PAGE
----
Last week you may recall there was a somewhat dyspeptic essay in this space about how people seemed to be getting too comfortable with the autocratic authority given to the Central Falls receiver. I suggested that we were giving up on democracy and learning to love Big Brother.
Well, on the very day that piece ran, the good people of Central Falls restored my faith in the public and its natural instincts to resist the iron grip of dictatorship.
We pay a lot of lip service in this country to the notion of freedom, democracy (note the lower-case d) and self-government. But despite the many and varied lessons history teaches us from the most ancient civilizations to the present day, the idea of a benevolent dictatorship still appears to hold a measure of allure for a lot of folks.
â€˘ Given the absolutely lousy year he had in 2011, if Gov. Lincoln Chafee suffers a sophomore slump he just might shrink to a little soap bubble and â€” pop! â€” disappear altogether.
â€˘ General Treasurer Gina Raimondo has the exact opposite problem. Whatâ€™s she going to do for an encore? Somehow I donâ€™t see her retreating to the normal obscurity of the general treasurerâ€™s office.
Iâ€™ll never forget the time, this was in the late 1980s, when an editor came up to me in the old Pawtucket Times newsroom and said, â€śSenator Pell just came in and asked if we wanted to interview him. You want to talk to him?â€ť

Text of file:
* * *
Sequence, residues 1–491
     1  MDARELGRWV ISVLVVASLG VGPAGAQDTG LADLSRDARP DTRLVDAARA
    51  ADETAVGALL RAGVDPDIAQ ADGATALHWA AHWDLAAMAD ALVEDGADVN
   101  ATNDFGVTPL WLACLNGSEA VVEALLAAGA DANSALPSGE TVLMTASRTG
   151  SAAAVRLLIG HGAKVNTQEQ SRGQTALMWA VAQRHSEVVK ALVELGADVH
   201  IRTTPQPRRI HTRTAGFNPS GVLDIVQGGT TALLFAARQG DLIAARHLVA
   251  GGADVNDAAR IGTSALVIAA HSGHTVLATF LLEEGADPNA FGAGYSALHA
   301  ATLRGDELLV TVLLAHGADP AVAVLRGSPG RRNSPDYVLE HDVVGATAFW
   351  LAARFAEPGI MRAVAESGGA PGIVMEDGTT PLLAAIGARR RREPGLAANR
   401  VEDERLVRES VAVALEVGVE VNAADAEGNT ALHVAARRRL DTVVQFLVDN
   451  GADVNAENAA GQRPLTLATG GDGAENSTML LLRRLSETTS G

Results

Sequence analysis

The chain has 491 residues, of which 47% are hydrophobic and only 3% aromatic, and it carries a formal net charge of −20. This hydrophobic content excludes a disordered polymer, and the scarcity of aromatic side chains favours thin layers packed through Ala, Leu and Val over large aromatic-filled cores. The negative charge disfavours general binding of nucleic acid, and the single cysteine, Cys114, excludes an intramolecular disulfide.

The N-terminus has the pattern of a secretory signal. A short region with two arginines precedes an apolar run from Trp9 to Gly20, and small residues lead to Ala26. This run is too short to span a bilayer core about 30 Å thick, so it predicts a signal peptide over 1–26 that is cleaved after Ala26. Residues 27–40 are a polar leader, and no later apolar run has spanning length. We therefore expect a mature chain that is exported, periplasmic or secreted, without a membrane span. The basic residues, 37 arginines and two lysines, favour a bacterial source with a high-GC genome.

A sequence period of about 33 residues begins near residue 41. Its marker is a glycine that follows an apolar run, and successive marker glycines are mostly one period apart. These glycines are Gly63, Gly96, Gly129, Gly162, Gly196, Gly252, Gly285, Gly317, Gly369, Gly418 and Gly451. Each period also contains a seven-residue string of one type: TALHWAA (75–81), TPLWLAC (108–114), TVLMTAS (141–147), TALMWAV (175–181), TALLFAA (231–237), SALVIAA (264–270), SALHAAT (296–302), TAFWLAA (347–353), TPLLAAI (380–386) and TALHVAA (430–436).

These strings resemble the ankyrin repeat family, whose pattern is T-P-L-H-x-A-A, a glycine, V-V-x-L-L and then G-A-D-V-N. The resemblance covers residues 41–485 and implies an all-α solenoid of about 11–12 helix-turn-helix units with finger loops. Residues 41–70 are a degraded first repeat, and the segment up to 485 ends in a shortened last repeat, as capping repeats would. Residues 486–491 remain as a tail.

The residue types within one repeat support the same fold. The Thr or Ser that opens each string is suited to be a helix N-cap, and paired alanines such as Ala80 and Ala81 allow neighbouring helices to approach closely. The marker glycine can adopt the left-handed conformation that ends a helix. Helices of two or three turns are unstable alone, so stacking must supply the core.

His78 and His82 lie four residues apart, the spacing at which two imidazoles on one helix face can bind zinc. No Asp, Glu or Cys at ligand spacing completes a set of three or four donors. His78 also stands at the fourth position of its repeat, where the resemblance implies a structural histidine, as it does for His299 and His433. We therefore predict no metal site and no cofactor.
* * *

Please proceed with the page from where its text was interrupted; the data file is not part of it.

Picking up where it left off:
I was still a young reporter then (sigh), and was absolutely flabbergasted that the Chairman of the Senate Foreign Relations Committee just dropped by The Times, unannounced and virtually alone (he had one aide with him), and wondered if we wanted to chat about anything.
It is Christmastime once again; a time of peace on earth and good cheer, a time for generosity and caring about oneâ€™s fellow man, a time of family togetherness and gift giving, and a time to claw each otherâ€™s eyes out in a vicious brawl about what to call the decorated tree.
Itâ€™s a good thing our public officials have been watching.
Governor Chafee has been watching. House Speaker Gordon Fox has been watching as well. And Senate President Teresa Paiva Weed has been on the lookout, too.
I know they have been watching because every time I or some other reporter has asked them about casinos, they always said they were keeping a close eye on what Massachusetts is doing about its casino proposals.
The stateâ€™s public employee unions are not happy with the comprehensive pension reform that is now going to slide through the General Assembly on the skids that have been greased by the leadership of that body. The citizenâ€™s groups like RISC and EngageRI, who have supported the reform right along, seem pretty contented.
So much for all that know-it-all talk about how the unions have all this clout on Smith Hill.
When she unveiled the massive pension reform bill a couple of weeks ago, General Treasurer Gina Raimondo went out of her way to make the point that politics was being taken out of the pension process.
â€śIt is going from the political to the actuarial,â€ť she said more than once. It was going to be about the numbers, not the politics.
The public employee unions apparently took her at her word.
Letâ€™s start with the premise, often stated in this space, that the state employees, school teachers, et al., are getting hosed by having their pension rules changed in the middle of the game. I donâ€™t want to keep having to say that over and over, so just incorporate that thought into everything that follows in this essay.